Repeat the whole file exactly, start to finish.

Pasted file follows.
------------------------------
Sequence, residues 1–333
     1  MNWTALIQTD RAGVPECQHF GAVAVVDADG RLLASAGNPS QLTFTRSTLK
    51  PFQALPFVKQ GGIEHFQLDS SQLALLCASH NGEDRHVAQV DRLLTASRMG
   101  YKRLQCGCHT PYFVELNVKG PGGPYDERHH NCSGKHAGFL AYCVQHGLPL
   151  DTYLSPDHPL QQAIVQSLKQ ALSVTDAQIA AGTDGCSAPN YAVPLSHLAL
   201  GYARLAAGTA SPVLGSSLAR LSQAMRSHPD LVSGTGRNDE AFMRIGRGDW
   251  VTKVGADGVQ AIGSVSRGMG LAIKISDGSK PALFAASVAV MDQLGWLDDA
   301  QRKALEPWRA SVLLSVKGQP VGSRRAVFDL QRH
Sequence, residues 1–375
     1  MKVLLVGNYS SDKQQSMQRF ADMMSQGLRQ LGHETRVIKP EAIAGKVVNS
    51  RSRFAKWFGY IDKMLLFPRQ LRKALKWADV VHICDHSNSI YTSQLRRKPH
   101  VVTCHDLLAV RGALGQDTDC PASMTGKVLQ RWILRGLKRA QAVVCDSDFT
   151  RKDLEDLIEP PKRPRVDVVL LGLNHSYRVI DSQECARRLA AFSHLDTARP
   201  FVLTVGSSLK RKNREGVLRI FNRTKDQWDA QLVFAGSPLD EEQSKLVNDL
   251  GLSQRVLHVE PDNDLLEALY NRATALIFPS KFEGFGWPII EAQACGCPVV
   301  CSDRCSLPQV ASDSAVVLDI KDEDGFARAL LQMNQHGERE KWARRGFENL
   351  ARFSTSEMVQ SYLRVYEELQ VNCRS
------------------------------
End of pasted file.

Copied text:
Sequence, residues 1–333
     1  MNWTALIQTD RAGVPECQHF GAVAVVDADG RLLASAGNPS QLTFTRSTLK
    51  PFQALPFVKQ GGIEHFQLDS SQLALLCASH NGEDRHVAQV DRLLTASRMG
   101  YKRLQCGCHT PYFVELNVKG PGGPYDERHH NCSGKHAGFL AYCVQHGLPL
   151  DTYLSPDHPL QQAIVQSLKQ ALSVTDAQIA AGTDGCSAPN YAVPLSHLAL
   201  GYARLAAGTA SPVLGSSLAR LSQAMRSHPD LVSGTGRNDE AFMRIGRGDW
   251  VTKVGADGVQ AIGSVSRGMG LAIKISDGSK PALFAASVAV MDQLGWLDDA
   301  QRKALEPWRA SVLLSVKGQP VGSRRAVFDL QRH
Sequence, residues 1–375
     1  MKVLLVGNYS SDKQQSMQRF ADMMSQGLRQ LGHETRVIKP EAIAGKVVNS
    51  RSRFAKWFGY IDKMLLFPRQ LRKALKWADV VHICDHSNSI YTSQLRRKPH
   101  VVTCHDLLAV RGALGQDTDC PASMTGKVLQ RWILRGLKRA QAVVCDSDFT
   151  RKDLEDLIEP PKRPRVDVVL LGLNHSYRVI DSQECARRLA AFSHLDTARP
   201  FVLTVGSSLK RKNREGVLRI FNRTKDQWDA QLVFAGSPLD EEQSKLVNDL
   251  GLSQRVLHVE PDNDLLEALY NRATALIFPS KFEGFGWPII EAQACGCPVV
   301  CSDRCSLPQV ASDSAVVLDI KDEDGFARAL LQMNQHGERE KWARRGFENL
   351  ARFSTSEMVQ SYLRVYEELQ VNCRS